August 16, 2013
Tomorrow morning, the Speed and Fuel networks will be transformed into the much-hyped Fox Sports 1 and Fox Sports 2 channels, in a move intended to compete with ESPN. Fox has landed deals with college conferences Pac-12 and Big 12 football and basketball, Big East basketball, NASCAR, the UFC, Major League Baseball, World Cup soccer and, most recently, the U.S. Open golf championship. The TV everywhere companion app Fox Sports Go will not launch concurrently, as it continues its testing phase.
“Fox Sports 1 appears to be the stiffest competition for ESPN because of the resources of its parent, 21st Century Fox, and the ambitions of its chairman, Rupert Murdoch, whose failed challenge to ESPN in the 1990s inexorably led to the newest one,” reports The New York Times.
“But even as it takes aim at ESPN, Fox Sports 1 has a long way to go to match an empire that is nearly 35 years in the making,” suggests the article. Fox executives are looking to establish a competitive niche and derive inspiration from the company’s “own history of industry-altering start-ups: Fox News Channel in 1996, which has upended cable news, and the Fox broadcast network’s acquisition of NFL rights 20 years ago.”
Some analysts believe Fox Sports will compete better with ESPN if it can deliver the NFL to one of its cable channels (its current NFL package is for broadcast only).
“We’re going to spend a lot of time in marketing on fun,” says Eric Shanks, co-president of Fox Sports. “It’s not Saturday night laughs at the Chuckle Hut. But being tough is fun. Buzzer beaters are fun. Tailgating is fun. Slam dunks are fun. We feel there’s a place in the sports landscape for a positive, fun, enthusiastic fan perspective on sports.”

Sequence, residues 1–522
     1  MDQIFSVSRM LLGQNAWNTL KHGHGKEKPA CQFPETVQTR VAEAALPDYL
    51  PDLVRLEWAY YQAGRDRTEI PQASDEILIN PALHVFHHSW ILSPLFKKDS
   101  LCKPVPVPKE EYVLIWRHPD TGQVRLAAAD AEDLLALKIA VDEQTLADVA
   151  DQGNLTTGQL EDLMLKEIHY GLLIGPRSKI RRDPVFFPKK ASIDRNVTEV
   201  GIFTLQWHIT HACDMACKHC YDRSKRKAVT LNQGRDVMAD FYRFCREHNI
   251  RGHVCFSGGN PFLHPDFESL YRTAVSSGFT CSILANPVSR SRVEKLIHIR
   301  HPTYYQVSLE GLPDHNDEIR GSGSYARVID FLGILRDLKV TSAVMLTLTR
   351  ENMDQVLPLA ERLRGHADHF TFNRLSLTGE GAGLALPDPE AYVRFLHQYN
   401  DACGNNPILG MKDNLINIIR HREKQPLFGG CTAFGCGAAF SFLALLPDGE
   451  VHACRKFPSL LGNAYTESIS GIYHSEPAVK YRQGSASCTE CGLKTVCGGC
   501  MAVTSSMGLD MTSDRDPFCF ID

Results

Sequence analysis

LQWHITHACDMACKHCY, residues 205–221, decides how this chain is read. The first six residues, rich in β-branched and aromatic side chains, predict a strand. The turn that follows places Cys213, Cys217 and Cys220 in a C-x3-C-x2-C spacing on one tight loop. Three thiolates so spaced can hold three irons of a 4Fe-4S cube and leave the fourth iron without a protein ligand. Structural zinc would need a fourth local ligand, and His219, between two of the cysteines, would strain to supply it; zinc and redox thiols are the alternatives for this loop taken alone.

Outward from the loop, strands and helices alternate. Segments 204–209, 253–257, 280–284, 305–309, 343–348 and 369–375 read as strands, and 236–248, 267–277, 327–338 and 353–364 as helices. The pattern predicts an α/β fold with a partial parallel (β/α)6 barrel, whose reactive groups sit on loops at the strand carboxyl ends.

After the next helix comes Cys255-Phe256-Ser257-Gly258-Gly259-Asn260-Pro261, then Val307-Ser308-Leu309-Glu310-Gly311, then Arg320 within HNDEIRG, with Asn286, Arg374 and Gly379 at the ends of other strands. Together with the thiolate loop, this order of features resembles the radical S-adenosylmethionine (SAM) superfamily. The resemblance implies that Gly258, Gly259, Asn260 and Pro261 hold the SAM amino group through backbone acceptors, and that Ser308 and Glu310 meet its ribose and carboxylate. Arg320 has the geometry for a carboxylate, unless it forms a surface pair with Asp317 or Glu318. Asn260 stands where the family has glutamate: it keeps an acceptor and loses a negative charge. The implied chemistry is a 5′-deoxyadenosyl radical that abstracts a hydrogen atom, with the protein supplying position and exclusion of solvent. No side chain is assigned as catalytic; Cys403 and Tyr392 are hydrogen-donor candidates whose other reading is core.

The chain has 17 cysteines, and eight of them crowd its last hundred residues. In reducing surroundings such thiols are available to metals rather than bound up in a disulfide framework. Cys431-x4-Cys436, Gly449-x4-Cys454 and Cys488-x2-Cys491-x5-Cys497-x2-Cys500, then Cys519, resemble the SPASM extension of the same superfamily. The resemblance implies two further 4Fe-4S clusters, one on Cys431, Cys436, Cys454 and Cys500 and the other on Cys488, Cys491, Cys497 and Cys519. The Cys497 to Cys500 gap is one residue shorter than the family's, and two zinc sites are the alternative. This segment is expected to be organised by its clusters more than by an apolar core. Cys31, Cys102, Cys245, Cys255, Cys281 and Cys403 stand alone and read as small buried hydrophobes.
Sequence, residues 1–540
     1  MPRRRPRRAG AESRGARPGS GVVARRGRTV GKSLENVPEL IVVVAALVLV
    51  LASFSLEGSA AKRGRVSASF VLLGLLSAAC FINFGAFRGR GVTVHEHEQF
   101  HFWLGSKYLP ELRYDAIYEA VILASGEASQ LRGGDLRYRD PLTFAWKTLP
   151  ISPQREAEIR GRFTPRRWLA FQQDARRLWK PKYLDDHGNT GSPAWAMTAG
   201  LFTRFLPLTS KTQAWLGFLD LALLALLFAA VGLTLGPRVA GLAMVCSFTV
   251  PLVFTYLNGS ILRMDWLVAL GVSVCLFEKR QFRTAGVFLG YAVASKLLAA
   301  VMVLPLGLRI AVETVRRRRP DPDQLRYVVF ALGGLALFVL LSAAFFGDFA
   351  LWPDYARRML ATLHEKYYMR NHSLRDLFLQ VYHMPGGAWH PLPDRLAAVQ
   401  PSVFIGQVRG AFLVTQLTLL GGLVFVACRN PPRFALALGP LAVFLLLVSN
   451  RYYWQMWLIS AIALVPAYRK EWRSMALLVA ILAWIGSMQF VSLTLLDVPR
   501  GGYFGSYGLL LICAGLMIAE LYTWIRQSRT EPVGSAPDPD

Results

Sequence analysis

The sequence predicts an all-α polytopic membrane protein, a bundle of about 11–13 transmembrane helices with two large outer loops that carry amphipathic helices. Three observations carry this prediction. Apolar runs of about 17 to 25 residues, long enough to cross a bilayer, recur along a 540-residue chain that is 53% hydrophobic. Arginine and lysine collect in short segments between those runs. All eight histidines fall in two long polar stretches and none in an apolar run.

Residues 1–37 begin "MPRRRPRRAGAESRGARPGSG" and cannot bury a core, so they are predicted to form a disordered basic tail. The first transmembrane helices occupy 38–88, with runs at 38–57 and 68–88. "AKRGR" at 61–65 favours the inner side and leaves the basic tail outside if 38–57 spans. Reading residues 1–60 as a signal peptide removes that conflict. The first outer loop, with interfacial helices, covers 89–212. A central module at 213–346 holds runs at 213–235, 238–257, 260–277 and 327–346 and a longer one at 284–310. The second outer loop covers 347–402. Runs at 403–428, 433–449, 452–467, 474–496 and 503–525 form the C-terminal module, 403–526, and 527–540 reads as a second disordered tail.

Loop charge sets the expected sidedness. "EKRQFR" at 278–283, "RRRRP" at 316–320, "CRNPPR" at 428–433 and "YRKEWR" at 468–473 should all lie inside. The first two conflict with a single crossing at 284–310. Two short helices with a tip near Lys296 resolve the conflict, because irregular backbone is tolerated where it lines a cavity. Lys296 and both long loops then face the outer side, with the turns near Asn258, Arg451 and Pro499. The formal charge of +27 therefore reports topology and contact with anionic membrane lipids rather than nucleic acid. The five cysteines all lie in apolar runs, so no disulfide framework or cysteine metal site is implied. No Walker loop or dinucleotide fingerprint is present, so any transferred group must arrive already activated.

Going national with its sports channels will give Fox the best chance to leverage its heavy rights investments with fees paid by distributors that carry the channels.
“Fox had been getting in the neighborhood of 20¢ to 30¢ per subscriber each month for Speed (which will become Fox Sports 1) and about 20¢ monthly per sub for Fuel (which morphs to Fox Sports 2),” explains Variety. “Analysts expect subscriber fees from FS1 to triple in the short term (Fox was re-negotiating several deals with distribs of the two channels in the weeks leading up to the August 17 switchover).”
Fox Sports will include a mix of live events and studio shows. It will bring in Regis Philbin, Michael Kosta, Jay Onrait, Dan O’Toole and other personalities known for their lighthearted, humorous approaches. Notable Fox talent such as Troy Aikman, Erin Andrews, Terry Bradshaw, Joe Buck, Jimmy Johnson, Howie Long and Michael Strahan are also scheduled to appear on both broadcast and cable shows.
“Having seen their offerings to date, we feel in a very good position to compete,” contends John Skipper, president of ESPN. “We relish that competition. It will sharpen us.”
Skipper “has taken some high-profile steps to counter Fox Sports 1,” notes NYT, “bringing back Keith Olbermann, swiping Jason Whitlock from Fox and hiring the political and sports statistician Nate Silver from The New York Times.
Huge Upside for Launch of Fox Sports 1 and 2 Channels, Variety, 8/13/13
Sports Fans: Get Ready to Spend More Money to Watch Your Favorite Teams, Variety, 8/13/13
Fox Sports TV Everywhere Service is No-Show, as ESPN Beefs Up iPad App, Variety, 8/15/13
Fox Sports Go: New App to Launch with All-Sports Network, ETCentric, 3/7/13
Fox Sports 1 to Launch in August: All-Sports Cable Network, ETCentric, 3/5/13